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 Different Sums (Posted on 2004-07-22)
There are 40 ways to make sums of three distinct positive integers total 25. (1+2+22 is such a sum, but 1+12+12 and 1+2+3+19 are not.)

How many different ways can three distinct positive integers sum to 1000?

 See The Solution Submitted by Brian Smith Rating: 3.2500 (4 votes)

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 Analytical Solution | Comment 12 of 17 |

The various sets {x,y,z} of positive integers that add up to a given value N may be enumerated as follows. We may suppose that 0 < x < y < N-x-y. x ranges over 1,2,...,floor(N/3)-1. Since y < N-x-y, 2y <= N-x-1 and for each x, y then ranges over x+1,x+2,...,floor((N-x-1)/2). Hence for each x there are floor((N-x-1)/2)-x sets that satisfy the conditions. Let N=2I+J where J is 0 or 1. Then floor((N-x-1)/2)=I+floor((J-x-1)/2)=I-ceiling((1+x-J)/2). Consider now the two cases J=0 and J=1.

J=0 (i.e. N is even). To obtain the total number of sets that satisfy the conditions we must sum the quantities I-x-ceiling((1+x)/2) over all x from 1 to floor(N/3)-1=K-1. Now ceiling((1+x)/2) has values 1,2,2,3,3,...,K/2,K/2 if K is even and values 1,2,2,...,(K-1)/2,(K-1)/2,(K+1)/2 if K is odd. Hence ceiling((x+1)/2) sums to (K/2)^2+K/2-1 when K is even and to ((K-1)/2)^2+K-1 when K is odd. The total we seek is thus I(K-1)-K(K-1)/2-(K/2)^2-K/2+1 if K is even and I(K-1)-K(K-1)/2-((K-1)/2)^2-K+1 if K is odd.

J=1 (i.e. N is odd). To obtain the total number of sets that satisfy the conditions we must sum the quantities I-x-ceiling(x/2) over all x from 1 to floor(N/3)-1=K-1. Now ceiling(x/2) has values 1,1,2,2,...,(K-2)/2,(K-2)/2,K/2 if K is even and values 1,1,2,2,...,(K-1)/2,(K-1)/2 if K is odd. Hence ceiling(x/2) sums to (K/2)^2 when K is even and to (K^2-1)/4 when K is odd. The total we seek is thus I(K-1)-K(K-1)/2-(K^2)/4 if K is even and I(K-1)-K(K-1)/2-(K^2-1)/4 if K is odd.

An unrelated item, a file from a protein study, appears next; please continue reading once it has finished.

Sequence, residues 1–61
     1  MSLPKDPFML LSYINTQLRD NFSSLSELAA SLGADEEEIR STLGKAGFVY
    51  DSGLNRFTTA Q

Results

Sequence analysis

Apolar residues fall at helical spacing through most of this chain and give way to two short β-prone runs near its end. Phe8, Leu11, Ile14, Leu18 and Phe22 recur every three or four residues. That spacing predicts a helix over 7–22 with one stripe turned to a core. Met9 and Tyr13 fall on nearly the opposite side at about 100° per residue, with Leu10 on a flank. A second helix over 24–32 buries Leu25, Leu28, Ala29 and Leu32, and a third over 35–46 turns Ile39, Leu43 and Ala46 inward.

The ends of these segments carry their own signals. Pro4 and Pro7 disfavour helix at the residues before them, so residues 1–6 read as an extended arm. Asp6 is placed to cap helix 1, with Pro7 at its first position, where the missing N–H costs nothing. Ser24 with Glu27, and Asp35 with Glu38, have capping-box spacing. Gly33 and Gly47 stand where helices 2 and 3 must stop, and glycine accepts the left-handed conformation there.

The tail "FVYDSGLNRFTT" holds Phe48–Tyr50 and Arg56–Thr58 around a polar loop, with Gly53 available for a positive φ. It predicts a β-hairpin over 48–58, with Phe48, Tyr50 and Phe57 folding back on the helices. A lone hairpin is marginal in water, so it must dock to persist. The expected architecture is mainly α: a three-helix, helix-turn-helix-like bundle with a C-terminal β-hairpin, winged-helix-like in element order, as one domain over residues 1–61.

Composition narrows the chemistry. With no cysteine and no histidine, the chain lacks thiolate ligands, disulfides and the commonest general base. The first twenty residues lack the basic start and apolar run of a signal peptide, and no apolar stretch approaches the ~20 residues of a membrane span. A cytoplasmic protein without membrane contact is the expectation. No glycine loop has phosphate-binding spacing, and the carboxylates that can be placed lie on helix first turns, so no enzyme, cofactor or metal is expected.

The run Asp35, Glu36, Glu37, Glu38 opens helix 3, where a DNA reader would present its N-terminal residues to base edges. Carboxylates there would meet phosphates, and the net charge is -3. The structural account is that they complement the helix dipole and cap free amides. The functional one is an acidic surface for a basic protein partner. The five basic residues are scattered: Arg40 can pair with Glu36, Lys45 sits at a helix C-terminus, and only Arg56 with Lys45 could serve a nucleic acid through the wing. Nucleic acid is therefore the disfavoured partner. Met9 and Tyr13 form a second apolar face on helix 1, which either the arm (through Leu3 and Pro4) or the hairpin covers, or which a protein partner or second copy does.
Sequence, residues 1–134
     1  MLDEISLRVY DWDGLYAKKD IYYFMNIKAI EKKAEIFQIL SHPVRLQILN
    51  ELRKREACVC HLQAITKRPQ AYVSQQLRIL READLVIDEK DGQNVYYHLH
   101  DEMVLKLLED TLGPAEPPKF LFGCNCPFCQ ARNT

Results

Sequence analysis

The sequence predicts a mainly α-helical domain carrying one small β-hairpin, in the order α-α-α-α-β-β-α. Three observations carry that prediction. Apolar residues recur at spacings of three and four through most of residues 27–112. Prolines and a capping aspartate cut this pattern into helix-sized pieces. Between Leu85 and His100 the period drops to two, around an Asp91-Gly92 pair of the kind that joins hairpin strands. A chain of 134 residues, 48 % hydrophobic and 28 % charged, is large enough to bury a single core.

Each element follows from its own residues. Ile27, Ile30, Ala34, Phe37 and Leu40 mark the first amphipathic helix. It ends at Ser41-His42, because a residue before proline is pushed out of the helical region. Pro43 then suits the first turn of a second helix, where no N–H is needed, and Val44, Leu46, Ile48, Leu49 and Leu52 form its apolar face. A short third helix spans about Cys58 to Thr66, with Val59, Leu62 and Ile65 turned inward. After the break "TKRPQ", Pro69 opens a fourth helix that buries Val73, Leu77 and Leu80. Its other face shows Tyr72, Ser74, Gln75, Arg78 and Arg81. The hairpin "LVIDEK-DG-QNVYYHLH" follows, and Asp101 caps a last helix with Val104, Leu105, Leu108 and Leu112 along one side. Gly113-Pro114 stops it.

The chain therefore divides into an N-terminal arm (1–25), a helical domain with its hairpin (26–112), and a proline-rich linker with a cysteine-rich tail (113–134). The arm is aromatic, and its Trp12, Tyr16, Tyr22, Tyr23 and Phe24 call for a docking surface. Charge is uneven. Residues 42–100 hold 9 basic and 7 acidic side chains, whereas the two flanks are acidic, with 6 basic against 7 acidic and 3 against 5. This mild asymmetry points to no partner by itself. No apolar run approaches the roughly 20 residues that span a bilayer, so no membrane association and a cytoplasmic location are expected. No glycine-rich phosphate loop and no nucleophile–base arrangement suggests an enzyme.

SUMMARY OF FORMULAS:

N=given number I=floor(N/2) K=floor(N/3)

P=number of partitions of N into 3 distinct positive integral parts

Q = I(K-1)-K(K-1)/2

P = Q - (K/2)^2-K/2+1      if N is even and K is even
P = Q - ((K-1)/2)^2-K+1    if N is even and K is odd
P = Q - (K^2)/4                 if N is odd  and K is even
P = Q - (K^2-1)/4              if N is odd  and K is odd.

If N=6 so that I=3 and K=2 the total is I(K-1)-K(K-1)/2-(K/2)^2-K/2+1 =3(1)-2(1)/2-(2/2)^2-2/2+1=3-1-1-1+1=1.
If N=24 so that I=12 and K=8 the total is I(K-1)-K(K-1)/2-(K/2)^2-K/2+1=12(7)-8(7)/2-4^2-4+1=84-28-16-4+1=37.

If N=1000 so that I=500 and K=333 the total is I(K-1)-K(K-1)/2-((K-1)/2)^2-K+1=500(332)-333(332)/2-(332/2)^2-333+1=
166000-55278-27556-332=82834.

If N=25 so that I=12 and K=8 the total is I(K-1)-K(K-1)/2-(K^2)/4=12(7)-8(7)/2-64/4=84-28-16=40.

If N=11 so that I=5 and K=3 the total is I(K-1)-K(K-1)/2-(K^2-1)/4=5(2)-3(2)/2-(3^2-1)/4=10-3-2=5.

Edited on July 23, 2004, 1:46 am
 Posted by Richard on 2004-07-22 23:07:39

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